Policy Implications Chapters 6 and 7 discussed the ways in which participants often felt that politics was both inaccessible to them, and that they lacked the political awareness to make informed political choices. These qualitative findings are supported by survey evidence detailing the sketchy nature of young people’s political knowledge, and the infrequency of their involvement in politics as consumers of political information (Chapter 4). In many ways these are two sides of the same coin. Young people feel politically uninformed because politics as presented via the news media is perceived to be inaccessible to them. Conversely, politics often remains unintelligible to many young people because they lack the skills and knowledge necessary to process political information. The relative absence of political awareness amongst young people thus raises fundamental questions about the ways in which young people acquire their political norms, values and orientations to political action. The study of political socialisation generally distinguishes between formal modes of political learning (for example through citizenship classes), and informal types of learning via a range of agencies, but principally through the family and media (e.g., Greenstein, 1965; Easton and Dennis, 1969; Hess and Torney, 1968). One obvious strategy for improving young people’s awareness of politics, and of the ways in which politics touches their lives, is through programmes of formal political education. This approach has gained increasing prominence amongst policy makers and educationalists in recent years and these initiatives are examined further here. In comparison, effecting change in those informal channels of influence upon young people’s political learning, principally the news media, are likely to prove less tractable. This chapter therefore also discusses the implications of changes in the style and ‘packaging’ of politics for young people’s access to political information, and by extension for their opportunities for exercising real political influence. However, widening young people’s participation in the political process is about more than simply developing the requisite skills and competencies needed for effective participation in the political arena. Of equal importance to initiatives seeking to improve young people’s political awareness are innovations that open up new opportunities for young people’s political involvement, and constitutional reforms that improve the responsiveness of the wider political system to public pressure. Recent years have witnessed a growing interest in the modernisation of the British electoral system with the goal of increasing electoral registration and turnout. This chapter examines these proposals and evaluates their prospects in raising turnout amongst young voters. At a predominantly local level, institutional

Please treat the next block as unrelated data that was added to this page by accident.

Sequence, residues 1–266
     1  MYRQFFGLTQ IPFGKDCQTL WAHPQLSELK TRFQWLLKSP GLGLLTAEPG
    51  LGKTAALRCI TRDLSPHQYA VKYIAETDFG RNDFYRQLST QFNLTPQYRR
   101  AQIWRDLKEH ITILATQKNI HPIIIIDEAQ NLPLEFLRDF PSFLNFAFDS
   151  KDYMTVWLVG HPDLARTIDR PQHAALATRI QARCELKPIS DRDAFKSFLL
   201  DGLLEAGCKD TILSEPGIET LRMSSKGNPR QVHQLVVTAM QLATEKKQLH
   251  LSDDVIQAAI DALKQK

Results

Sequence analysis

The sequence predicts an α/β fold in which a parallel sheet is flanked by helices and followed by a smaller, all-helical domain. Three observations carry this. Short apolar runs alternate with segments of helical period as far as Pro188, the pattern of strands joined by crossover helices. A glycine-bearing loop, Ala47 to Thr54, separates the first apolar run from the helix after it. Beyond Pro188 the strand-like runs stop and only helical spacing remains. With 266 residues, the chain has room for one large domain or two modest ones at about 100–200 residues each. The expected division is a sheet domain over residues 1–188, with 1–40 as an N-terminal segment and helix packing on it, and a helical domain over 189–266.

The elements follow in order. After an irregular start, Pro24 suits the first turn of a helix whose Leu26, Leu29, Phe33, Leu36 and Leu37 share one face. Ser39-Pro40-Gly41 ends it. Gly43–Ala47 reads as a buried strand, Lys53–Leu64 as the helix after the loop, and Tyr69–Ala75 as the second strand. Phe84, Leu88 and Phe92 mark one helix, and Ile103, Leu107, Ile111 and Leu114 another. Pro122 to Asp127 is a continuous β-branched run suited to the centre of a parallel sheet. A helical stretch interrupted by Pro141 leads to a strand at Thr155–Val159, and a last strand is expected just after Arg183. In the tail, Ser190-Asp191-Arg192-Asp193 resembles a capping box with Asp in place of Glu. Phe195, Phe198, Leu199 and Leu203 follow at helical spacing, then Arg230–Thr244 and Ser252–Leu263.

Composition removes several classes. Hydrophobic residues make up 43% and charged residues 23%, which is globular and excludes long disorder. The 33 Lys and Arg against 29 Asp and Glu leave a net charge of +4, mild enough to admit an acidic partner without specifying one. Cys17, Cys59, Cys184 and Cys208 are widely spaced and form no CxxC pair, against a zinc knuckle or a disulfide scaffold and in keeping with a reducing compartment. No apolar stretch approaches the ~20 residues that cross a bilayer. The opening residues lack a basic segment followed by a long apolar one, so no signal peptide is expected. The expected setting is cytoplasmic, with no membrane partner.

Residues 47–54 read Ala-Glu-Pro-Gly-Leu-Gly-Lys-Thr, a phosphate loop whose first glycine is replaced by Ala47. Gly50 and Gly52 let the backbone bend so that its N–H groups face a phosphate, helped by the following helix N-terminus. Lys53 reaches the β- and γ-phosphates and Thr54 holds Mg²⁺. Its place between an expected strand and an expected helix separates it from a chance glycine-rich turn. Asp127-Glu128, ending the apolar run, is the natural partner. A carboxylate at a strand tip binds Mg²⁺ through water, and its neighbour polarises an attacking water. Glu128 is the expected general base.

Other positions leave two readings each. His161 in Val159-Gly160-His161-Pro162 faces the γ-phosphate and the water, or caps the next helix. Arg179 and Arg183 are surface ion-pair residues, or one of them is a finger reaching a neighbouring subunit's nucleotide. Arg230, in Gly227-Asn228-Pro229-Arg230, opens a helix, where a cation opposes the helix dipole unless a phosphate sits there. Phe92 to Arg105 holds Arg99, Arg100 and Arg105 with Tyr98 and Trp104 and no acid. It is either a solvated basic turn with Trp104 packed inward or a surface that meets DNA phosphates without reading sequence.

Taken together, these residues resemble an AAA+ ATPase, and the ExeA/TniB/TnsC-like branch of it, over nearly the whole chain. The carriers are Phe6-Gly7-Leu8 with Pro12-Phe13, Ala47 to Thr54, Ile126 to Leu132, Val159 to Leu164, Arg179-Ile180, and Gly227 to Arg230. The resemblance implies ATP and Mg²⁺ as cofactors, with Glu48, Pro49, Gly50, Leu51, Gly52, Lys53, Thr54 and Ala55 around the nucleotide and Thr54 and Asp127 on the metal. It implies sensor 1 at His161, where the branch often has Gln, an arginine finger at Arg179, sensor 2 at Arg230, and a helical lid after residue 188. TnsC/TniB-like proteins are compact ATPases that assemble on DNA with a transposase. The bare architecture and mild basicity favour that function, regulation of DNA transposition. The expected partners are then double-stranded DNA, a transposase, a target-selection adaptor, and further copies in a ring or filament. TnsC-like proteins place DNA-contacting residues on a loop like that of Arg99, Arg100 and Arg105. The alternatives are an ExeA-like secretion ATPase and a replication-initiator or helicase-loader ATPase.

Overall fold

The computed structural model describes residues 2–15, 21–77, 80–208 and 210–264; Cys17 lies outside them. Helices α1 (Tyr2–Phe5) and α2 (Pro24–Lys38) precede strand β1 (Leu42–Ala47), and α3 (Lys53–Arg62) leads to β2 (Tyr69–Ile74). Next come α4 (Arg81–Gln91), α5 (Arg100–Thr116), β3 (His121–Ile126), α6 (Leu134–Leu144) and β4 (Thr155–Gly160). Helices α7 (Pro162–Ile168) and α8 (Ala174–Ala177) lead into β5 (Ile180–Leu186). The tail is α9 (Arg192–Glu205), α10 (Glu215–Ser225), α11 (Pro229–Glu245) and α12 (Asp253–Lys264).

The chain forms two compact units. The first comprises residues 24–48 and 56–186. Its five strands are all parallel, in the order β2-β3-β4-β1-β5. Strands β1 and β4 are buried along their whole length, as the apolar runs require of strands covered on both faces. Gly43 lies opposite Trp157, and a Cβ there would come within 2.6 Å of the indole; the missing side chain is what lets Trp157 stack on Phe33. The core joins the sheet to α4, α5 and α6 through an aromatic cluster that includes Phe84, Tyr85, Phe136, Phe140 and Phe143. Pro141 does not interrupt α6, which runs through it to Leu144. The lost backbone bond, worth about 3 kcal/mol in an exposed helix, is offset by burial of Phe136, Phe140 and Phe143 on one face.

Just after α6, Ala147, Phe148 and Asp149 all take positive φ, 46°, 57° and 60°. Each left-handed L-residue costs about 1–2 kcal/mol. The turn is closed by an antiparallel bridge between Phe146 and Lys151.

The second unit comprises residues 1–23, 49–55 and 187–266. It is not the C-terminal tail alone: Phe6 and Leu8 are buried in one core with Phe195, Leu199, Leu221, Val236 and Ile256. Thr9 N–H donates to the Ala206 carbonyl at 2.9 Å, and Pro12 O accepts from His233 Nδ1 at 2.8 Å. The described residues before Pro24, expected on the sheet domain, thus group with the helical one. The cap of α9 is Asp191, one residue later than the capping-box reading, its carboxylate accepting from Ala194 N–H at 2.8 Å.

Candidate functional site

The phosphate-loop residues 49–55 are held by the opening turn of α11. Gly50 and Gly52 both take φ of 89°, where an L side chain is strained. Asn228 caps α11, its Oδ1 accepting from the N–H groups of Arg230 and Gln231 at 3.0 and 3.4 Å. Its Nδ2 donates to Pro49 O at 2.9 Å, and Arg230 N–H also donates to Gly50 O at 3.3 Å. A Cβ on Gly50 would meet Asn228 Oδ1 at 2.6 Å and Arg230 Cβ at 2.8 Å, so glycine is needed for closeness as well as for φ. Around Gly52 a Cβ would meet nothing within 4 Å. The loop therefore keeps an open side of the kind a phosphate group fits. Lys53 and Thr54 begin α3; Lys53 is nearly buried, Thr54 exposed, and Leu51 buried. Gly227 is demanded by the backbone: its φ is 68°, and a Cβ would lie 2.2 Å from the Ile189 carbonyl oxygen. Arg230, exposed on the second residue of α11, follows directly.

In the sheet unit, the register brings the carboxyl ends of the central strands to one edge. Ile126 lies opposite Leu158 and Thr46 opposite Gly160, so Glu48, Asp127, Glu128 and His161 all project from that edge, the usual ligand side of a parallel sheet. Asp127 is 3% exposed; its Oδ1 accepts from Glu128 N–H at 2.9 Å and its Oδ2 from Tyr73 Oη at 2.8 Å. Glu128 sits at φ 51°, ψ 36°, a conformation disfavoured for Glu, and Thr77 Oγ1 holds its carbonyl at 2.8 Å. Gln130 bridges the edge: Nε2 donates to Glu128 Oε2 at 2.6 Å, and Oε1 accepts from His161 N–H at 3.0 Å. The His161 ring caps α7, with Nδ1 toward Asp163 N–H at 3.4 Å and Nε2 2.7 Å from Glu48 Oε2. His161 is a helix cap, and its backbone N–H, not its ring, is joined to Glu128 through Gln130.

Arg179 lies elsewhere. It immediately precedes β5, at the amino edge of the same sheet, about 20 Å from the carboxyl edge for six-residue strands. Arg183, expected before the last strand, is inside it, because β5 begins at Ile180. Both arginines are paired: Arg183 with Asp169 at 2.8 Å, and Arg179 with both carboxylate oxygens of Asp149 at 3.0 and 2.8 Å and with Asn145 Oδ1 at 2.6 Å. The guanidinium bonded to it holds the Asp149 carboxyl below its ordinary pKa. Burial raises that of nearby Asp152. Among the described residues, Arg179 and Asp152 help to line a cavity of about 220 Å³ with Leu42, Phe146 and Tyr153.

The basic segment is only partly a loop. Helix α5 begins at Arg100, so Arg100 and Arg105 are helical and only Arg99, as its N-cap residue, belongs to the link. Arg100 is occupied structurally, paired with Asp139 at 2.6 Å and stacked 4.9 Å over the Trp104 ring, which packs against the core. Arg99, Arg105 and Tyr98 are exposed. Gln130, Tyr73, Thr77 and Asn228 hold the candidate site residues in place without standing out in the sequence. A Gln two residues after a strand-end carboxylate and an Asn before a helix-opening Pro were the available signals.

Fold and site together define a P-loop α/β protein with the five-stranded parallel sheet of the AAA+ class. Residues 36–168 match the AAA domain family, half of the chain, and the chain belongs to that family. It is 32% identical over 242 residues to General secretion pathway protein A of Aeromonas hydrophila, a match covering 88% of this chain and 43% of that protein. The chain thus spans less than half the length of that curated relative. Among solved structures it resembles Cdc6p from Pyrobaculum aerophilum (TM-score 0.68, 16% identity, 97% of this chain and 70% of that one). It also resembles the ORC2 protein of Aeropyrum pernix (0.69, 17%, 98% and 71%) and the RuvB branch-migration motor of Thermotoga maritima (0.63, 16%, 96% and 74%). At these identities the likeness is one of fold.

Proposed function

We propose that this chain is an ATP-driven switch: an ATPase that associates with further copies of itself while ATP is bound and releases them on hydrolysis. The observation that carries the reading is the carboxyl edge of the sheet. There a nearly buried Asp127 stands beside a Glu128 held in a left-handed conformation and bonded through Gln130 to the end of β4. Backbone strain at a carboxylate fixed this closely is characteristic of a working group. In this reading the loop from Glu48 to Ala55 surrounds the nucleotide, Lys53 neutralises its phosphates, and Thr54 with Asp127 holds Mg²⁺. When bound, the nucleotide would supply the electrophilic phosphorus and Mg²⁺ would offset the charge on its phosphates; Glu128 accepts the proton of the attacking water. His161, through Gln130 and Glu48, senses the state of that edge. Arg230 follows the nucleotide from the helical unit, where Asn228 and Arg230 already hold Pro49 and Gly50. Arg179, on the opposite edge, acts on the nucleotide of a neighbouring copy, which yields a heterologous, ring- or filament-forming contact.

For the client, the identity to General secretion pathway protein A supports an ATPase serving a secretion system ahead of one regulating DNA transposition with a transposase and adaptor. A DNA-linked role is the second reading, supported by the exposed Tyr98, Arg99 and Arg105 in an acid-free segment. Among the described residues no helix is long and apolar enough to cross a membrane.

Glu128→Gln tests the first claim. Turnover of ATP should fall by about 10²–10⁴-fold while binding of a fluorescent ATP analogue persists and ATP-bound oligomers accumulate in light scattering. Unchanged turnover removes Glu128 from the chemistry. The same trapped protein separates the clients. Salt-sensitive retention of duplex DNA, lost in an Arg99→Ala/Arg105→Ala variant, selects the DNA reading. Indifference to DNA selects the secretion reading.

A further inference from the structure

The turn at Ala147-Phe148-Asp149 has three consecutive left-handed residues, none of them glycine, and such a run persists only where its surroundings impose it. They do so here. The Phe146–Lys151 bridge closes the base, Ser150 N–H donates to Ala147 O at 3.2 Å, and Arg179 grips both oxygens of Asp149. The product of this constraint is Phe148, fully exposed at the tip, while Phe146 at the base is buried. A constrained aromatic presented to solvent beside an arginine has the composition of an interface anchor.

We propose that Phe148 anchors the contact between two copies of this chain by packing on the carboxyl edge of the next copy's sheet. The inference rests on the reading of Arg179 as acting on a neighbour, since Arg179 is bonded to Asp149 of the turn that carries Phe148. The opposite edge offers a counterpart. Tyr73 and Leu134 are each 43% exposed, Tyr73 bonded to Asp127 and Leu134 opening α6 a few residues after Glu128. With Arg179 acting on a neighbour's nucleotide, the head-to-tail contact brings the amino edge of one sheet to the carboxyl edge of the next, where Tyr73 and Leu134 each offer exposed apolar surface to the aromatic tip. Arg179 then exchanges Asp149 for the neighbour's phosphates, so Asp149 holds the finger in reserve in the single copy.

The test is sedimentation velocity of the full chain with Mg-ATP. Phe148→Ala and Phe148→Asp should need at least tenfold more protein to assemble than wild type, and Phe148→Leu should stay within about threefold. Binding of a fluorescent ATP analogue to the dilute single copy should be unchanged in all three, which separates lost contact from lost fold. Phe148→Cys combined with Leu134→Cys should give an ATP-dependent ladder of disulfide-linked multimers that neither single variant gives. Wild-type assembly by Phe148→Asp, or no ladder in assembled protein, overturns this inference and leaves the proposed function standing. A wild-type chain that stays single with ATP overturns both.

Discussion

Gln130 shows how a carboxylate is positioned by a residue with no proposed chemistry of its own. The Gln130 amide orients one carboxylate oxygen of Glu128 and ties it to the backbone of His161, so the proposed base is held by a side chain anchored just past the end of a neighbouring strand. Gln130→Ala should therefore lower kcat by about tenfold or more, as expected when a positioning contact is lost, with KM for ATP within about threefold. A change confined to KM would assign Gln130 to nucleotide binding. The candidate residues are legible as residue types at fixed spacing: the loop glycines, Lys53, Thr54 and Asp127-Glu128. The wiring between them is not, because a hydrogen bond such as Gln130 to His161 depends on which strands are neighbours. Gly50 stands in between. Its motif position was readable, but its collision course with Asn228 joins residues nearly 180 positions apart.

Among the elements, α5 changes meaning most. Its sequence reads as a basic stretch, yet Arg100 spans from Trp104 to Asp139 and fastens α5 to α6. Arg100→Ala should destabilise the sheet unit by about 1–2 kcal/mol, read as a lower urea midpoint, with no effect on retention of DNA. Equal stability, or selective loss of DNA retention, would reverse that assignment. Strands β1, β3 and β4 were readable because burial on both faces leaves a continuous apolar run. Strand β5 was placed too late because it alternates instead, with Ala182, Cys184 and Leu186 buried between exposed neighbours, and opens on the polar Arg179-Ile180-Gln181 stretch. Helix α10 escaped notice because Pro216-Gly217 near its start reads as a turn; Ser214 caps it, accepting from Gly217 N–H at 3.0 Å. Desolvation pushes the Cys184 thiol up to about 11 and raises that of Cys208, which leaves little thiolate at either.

innovations in forms of public representation potentially offer new avenues for young people’s involvement in the policy process and these are also discussed here. The constitutional reforms originally proposed by New Labour arguably represented the most ambitious programme of institutional modernisation for over half a century. This chapter therefore assesses their performance so far and evaluates their implications for young people’s political engagement, before going on to summarise the overall conclusions emerging from the research described here and their implications for future policy and practice. Improving Access to Political Information The Politics of Citizenship Education Efforts to cultivate political understanding and the skills necessary for effective political action have until relatively recently not been a prominent feature of the British education system. Where political education was explicitly encouraged this has usually taken the form of ‘civics’, which, as one critic argued, was ‘utopian, quietist, simplistic, indoctrinating and class biased, hardly meriting the term “education”’ (Entwistle, 1973: 7, quoted in Davies, 1999). Whilst this neglect has several sources, a lack of tradition and professional commitment to political education amongst teachers, a perception of politics as an exclusively adult domain, and a fear of indoctrination, have been key factors in frustrating efforts to provide more adequate political education in British schools (Heater, 1977). Partly as a consequence of the lowering of the voting age in the UK to 18 in 1970, the 1970s witnessed a resurgence of interest in political education. The Programme for Political Education (Crick and Porter, 1978) was the most obvious manifestation of this interest, reflecting growing academic interest in young people’s political learning and an accumulation of empirical evidence revealing the sketchy nature of young people’s political understanding. The emphasis here was upon the development of a critical awareness, or ‘political literacy’, which would potentially facilitate young people’s active political engagement. As such, this programme represented a considerable advance upon traditional civics with its largely sterile emphasis upon factual knowledge, which neither stimulated interest in ‘real’ politics, nor equipped young people to engage actively in political life. Although the political literacy movement made considerable headway amongst educationalists, the ideologically charged atmosphere of the 1980s frustrated attempts at implementation. It was not until 1990, and the Speaker’s Commission on Citizenship (1990), that ‘active citizenship’ began to receive real recognition through its introduction as one of five non-statutory cross-curricular themes within the newly introduced National Curriculum. In the context of the many new requirements placed upon schools by the National Curriculum, it is unsurprising that the response of schools to such recommendations was variable, with citizenship education being generally irregular and infrequent, and the absence of reference to citizenship education in the 1993 Dearing Report reinforced the perception that it was not a high priority (Fogelman, 1997).